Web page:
But Ziegler is distinguishable. There a trustee of a trust brought an affirmative lawsuit against the sellers of a mobile home. He alleged they had intentionally failed to disclose material defects to the trust about the vehicle. He was representing the trust and was not represented by counsel. The Court of Appeal affirmed the trial court's order requiring him to withdraw from the case and ordering him to “retain an attorney to represent the Trust.” (Ziegler v. Nickel, supra, 64 Cal.App.4th at p. 547, 75 Cal.Rptr.2d 312.)
Here by contrast Finkbeiner is not suing a third party. She filed the petition as part of her fiduciary responsibility to the court. Finkbeiner correctly notes that trustees have various statutory duties. She was appointed by the court for the purpose of selling the property. She had a duty to account for trust assets, a right to seek her fees and a responsibility to notify the court if she felt maintaining an ineffective trust was wasteful to the trust estate. By filing her petition to modify and terminate the trust, she was simply fulfilling her duties as trustee. (See Prob.Code § 17200 et seq.) She was not engaged in the unauthorized practice of law.
II. Modifying and Terminating the Trust
Finkbeiner claims that the court erred by ruling that the trust “is now irrevocable.” We agree. The court has discretion to modify and terminate it. Probate Code section 15408, subdivision (a) provides, in relevant part: “[I]f the court determines that the fair market value of the principal of a trust has become so low in relation to the cost of administration that continuation of the trust under its existing terms will defeat or substantially impair the accomplishment of its purposes, the court may, in its discretion and in a manner that conforms as nearly as possible to the intention of the settlor, order any of the following: [¶] (1) Termination of the trust (2) [¶] Modification of the trust.”
Moreover, the summary denial of her petition was an abuse of discretion. The “court enjoys broad equitable powers over the trusts within its jurisdiction. [Citation]” (Hollaway v. Edwards (1998) 68 Cal.App.4th 94, 99, 80 Cal.Rptr.2d 166.) Here Finkbeiner's petition demonstrated that the annual administrative cost of this trust was disproportionate to the size of the trust estate. She proposed a reasonable plan to modify the trust to distribute the trust estate into blocked accounts for the educational needs of the children. No one appeared in court to object to this plan or otherwise challenge her petition.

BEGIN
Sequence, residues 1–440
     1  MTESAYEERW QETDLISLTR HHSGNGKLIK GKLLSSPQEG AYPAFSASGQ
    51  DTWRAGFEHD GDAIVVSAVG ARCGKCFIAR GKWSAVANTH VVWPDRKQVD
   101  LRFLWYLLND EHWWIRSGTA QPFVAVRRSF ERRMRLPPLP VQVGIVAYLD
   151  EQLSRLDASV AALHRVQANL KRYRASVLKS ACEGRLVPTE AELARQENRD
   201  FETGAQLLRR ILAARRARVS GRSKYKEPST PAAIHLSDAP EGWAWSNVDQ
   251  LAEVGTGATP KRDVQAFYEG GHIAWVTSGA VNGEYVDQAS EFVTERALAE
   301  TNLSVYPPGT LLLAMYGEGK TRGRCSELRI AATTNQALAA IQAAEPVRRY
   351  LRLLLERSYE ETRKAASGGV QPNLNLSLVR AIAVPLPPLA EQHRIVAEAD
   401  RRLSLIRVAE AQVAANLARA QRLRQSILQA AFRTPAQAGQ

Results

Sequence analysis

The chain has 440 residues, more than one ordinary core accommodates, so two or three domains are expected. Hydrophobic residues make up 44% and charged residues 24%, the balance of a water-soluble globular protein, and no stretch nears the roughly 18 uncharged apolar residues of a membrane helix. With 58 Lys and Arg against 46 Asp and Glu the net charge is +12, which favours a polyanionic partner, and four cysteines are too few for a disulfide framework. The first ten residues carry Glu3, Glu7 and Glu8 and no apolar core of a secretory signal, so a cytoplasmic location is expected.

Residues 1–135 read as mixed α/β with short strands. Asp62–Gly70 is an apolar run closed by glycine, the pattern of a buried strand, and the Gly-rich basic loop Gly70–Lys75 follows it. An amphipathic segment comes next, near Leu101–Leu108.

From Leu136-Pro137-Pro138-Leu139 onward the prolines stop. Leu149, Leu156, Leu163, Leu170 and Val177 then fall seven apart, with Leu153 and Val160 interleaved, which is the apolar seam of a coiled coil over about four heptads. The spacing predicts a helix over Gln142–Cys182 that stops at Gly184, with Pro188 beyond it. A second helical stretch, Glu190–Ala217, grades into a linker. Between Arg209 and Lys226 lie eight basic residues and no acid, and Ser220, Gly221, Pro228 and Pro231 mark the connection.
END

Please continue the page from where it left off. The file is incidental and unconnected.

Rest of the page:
The trial court stated it had concerns about the sale price of the property and whether William's objection to the sale plan was properly considered by Finkbeiner. Williams did not file a formal objection to the petition. Nor did he appear at the hearing. But instead of setting an evidentiary hearing on these issues, the court summarily denied her petition after oral argument. There was no evidence in the record to support the court's finding that the sale price was inadequate.
III. Notice to the Children
Finkbeiner contends the court erred by imposing hypertechnical notice requirements for the children, and by ruling that guardians ad litem had to be appointed for the child beneficiaries. We agree. Here the court ruled that notice of the proceedings was deficient because it had to be served on each minor child beneficiary. But it also found that Finkbeiner gave notice to the parents of each child. No parent appeared in court to contest notice or to challenge the merits of the petition. The court erred by ruling that guardians ad litem had to be appointed and by requiring additional notice.
IV. Denying the Supplemental Petition
Finkbeiner argues the court erred by denying her supplemental petition on the grounds that it was not properly verified. We agree. Her verification said, “I declare that the foregoing is true and correct and that this Supplement was executed on September 21, 2004 at Simi Valley, California.” A verification must be made “under penalty of perjury.” (Code Civ. Proc., § 2015.5.) Here this appears to be a clerical error. The court should have allowed her to amend her verification.
Finkbeiner contends the court erred by stating, “This being a trust, not an estate, there is no reason for filing a final account.” Probate Code section 16062 requires the trustee to “account at least annually” and “at the termination of the trust.” The trial court had jurisdiction to consider the accounting.
VI. Trustee's Fees
Finkbeiner claims the court erred by denying her entire claim for trustee's fees. We agree. We review rulings on trustee's fees to determine whether the court abused its discretion. (In re Estate of Beach (1976) 15 Cal.3d 623, 645, 125 Cal.Rptr. 570, 542 P.2d 994; Cal. Rules of Court, rule 7.703.) Here Finkbeiner, as a court appointed trustee, performed extraordinary services by selling the home and filed an accounting as required by law. Her request for $4,500 in fees is more than reasonable.
The judgment is reversed and the matter is remanded to the trial court to review the accounting and to award reasonable trustee's fees. Costs to appellant.
YEGAN and PERREN, JJ., concur.